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1. Overview

As Linux users, we frequently perform various operations on files. For example, one of the common operations is to display specific columns from a file.

In this tutorial, we’ll discuss the various ways to achieve this.

2. Display Single Column

Let’s create a file to use as an example. The input.txt file contains the output of the ls command in the long listing format:

$ cat input.txt 
-rw-r--r-- 1 jarvis jarvis 200M Apr 27 22:04 file1.dat
-rw-r--r-- 1 jarvis jarvis 400M Apr 27 22:04 file2.dat
-rw-r--r-- 1 jarvis jarvis 500M Apr 27 22:04 file3.dat
-rw-r--r-- 1 jarvis jarvis 600M Apr 27 22:04 file4.dat
-rw-r--r-- 1 jarvis jarvis 700M Apr 27 22:04 file5.dat

We can use the awk command to display specific columns. Let’s print the 5th column from the file:

$ awk '{print $5}' input.txt 
200M
400M
500M
600M
700M

Let’s see the option we used in the awk command:

  • print: it’s awk’s built-in function which prints text to the standard output stream
  • $5: it represents files size from the 5th column

Note that awk uses $N to represent the Nth column. For example, $2 represents the 2nd column.

We can also use the cut command to display specific columns. Let’s print the same column using the cut command:

$ cut -d' ' -f5 input.txt 
200M
400M
500M
600M
700M

Let’s take a look at the option we used in the cut command:

  • -d: it represents the field delimiter. Its default value is a tab character
  • f5: it represents the file size from the 5th column

3. Display Multiple Columns

We can use awk to display multiple columns as well. Let’s print the file name and its size:

$ awk '{print $9 " " $5}' input.txt 
file1.dat 200M
file2.dat 400M
file3.dat 500M
file4.dat 600M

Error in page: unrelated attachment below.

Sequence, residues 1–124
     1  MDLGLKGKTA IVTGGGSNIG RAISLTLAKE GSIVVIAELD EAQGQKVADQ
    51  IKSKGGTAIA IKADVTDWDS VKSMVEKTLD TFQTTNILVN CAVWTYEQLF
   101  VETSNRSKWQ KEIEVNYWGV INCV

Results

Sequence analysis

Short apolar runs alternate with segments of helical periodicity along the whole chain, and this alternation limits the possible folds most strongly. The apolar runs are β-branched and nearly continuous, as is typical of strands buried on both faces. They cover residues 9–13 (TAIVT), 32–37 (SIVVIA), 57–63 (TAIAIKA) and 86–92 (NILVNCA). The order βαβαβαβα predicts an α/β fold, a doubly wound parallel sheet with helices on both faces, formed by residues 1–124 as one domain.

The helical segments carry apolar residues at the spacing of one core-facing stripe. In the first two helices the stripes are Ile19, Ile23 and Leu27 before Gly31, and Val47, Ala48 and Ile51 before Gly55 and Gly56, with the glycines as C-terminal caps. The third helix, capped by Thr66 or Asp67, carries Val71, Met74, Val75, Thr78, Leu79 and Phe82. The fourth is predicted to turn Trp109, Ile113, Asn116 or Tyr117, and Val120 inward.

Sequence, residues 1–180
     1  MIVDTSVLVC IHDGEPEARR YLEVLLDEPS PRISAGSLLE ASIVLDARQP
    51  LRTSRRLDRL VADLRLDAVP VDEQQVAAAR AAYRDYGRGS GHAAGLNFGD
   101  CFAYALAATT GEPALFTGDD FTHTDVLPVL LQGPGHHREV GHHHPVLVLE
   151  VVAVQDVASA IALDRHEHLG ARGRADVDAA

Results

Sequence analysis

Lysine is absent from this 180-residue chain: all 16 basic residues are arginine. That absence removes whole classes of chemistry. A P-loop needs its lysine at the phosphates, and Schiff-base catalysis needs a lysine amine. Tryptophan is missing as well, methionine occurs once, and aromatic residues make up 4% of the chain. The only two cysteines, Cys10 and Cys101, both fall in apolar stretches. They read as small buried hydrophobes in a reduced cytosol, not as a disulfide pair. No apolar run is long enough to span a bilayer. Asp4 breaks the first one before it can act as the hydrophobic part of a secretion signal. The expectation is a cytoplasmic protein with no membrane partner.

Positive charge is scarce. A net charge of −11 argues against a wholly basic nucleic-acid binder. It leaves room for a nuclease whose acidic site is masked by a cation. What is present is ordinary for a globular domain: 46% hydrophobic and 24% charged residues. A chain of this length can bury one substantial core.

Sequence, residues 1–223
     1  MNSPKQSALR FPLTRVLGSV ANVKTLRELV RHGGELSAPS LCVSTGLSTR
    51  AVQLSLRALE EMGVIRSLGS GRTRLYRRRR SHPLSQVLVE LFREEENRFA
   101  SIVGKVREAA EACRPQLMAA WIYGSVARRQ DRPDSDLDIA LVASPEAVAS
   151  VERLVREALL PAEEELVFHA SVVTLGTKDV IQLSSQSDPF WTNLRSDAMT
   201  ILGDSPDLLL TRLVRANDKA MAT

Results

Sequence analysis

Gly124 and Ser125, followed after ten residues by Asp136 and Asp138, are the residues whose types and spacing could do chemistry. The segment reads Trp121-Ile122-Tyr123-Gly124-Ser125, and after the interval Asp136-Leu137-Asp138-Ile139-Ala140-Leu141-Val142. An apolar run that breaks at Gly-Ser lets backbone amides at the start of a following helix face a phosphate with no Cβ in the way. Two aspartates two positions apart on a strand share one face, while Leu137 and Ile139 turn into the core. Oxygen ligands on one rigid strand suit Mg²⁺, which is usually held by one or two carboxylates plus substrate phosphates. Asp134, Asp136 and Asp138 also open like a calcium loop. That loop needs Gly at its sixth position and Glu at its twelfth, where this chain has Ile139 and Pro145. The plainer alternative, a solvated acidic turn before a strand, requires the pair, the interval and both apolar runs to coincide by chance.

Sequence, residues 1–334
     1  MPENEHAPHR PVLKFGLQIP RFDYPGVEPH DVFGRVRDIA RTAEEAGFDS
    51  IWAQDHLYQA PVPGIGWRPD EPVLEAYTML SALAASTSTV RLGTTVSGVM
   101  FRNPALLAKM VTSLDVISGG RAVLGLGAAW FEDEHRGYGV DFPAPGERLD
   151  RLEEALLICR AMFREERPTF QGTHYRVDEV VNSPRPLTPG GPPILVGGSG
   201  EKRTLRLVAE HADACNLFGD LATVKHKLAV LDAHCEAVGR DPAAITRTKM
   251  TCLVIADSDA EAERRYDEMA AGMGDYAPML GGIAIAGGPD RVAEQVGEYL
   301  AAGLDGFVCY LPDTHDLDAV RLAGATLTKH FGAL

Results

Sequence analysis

file5.dat 700M

Let’s see the options we used in the awk command:

  • $9: it represents file name from the 9th column

It’s also possible to use the cut command to display multiple columns. For example, we can specify multiple columns using a comma separate list as follows:

$ cut -d' ' -f9,5 input.txt 
200M file1.dat
400M file2.dat
500M file3.dat
600M file4.dat
700M file5.dat

Note that it’s not possible to rearrange column order with the cut command. Selected input is written in the same order that it is read.

4. Display Range of Columns

Sometimes it’s convenient to use a loop when columns to be displayed are in large numbers. Let’s print all columns within the range of 3 to 8:

$ awk '{ for (i = 3; i <= 8; ++i) printf $i" "; print ""}' input.txt 
jarvis jarvis 200M Apr 27 22:04 
jarvis jarvis 400M Apr 27 22:04 
jarvis jarvis 500M Apr 27 22:04 
jarvis jarvis 600M Apr 27 22:04 
jarvis jarvis 700M Apr 27 22:04 

Let’s take a look at the options we used in the awk command:

  • for: it’s a looping construct of the awk
  • printf: it’s awk’s built-in function which prints formatted text to the standard output stream

We can use the cut command to achieve the same result. It allows us to specify a range of columns using hyphen character as follows:

$ cut -d' ' -f3-8 input.txt 
jarvis jarvis 200M Apr 27 22:04
jarvis jarvis 400M Apr 27 22:04
jarvis jarvis 500M Apr 27 22:04
jarvis jarvis 600M Apr 27 22:04
jarvis jarvis 700M Apr 27 22:04

5. Changing awk‘s Field Separator

By default, awk uses a space character as a column separator. However, we can modify it according to our requirements. First, let’s modify our original input file by replacing spaces with commas. Now modified file looks like this:

$ cat input.txt 
-rw-r--r--,1,jarvis,jarvis,200M,Apr 27 22:04,file1.dat
-rw-r--r--,1,jarvis,jarvis,400M,Apr 27 22:04,file2.dat
-rw-r--r--,1,jarvis,jarvis,500M,Apr 27 22:04,file3.dat
-rw-r--r--,1,jarvis,jarvis,600M,Apr 27 22:04,file4.dat
-rw-r--r--,1,jarvis,jarvis,700M,Apr 27 22:04,file5.dat

Let’s print the file name, its size, and timestamp using a comma as a column separator:

$ awk -F"," '{print $7 " " $5 " " $6}' input.txt 
file1.dat 200M Apr 27 22:04
file2.dat 400M Apr 27 22:04
file3.dat 500M Apr 27 22:04
file4.dat 600M Apr 27 22:04
file5.dat 700M Apr 27 22:04

Let’s see the option we used in the awk command:

  • -F: it represents the field separator

Note that in the 6th column, spaces are not replaced with the commas intentionally to demonstrate the use of field separator.

6. Conclusion

In this tutorial, we discussed various examples to display specific columns from a file. The commands showed in this tutorial can be used in day-to-day life while working with the Linux system.

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If you have a few years of experience in the Linux ecosystem, and you’re interested in sharing that experience with the community, have a look at our Contribution Guidelines.

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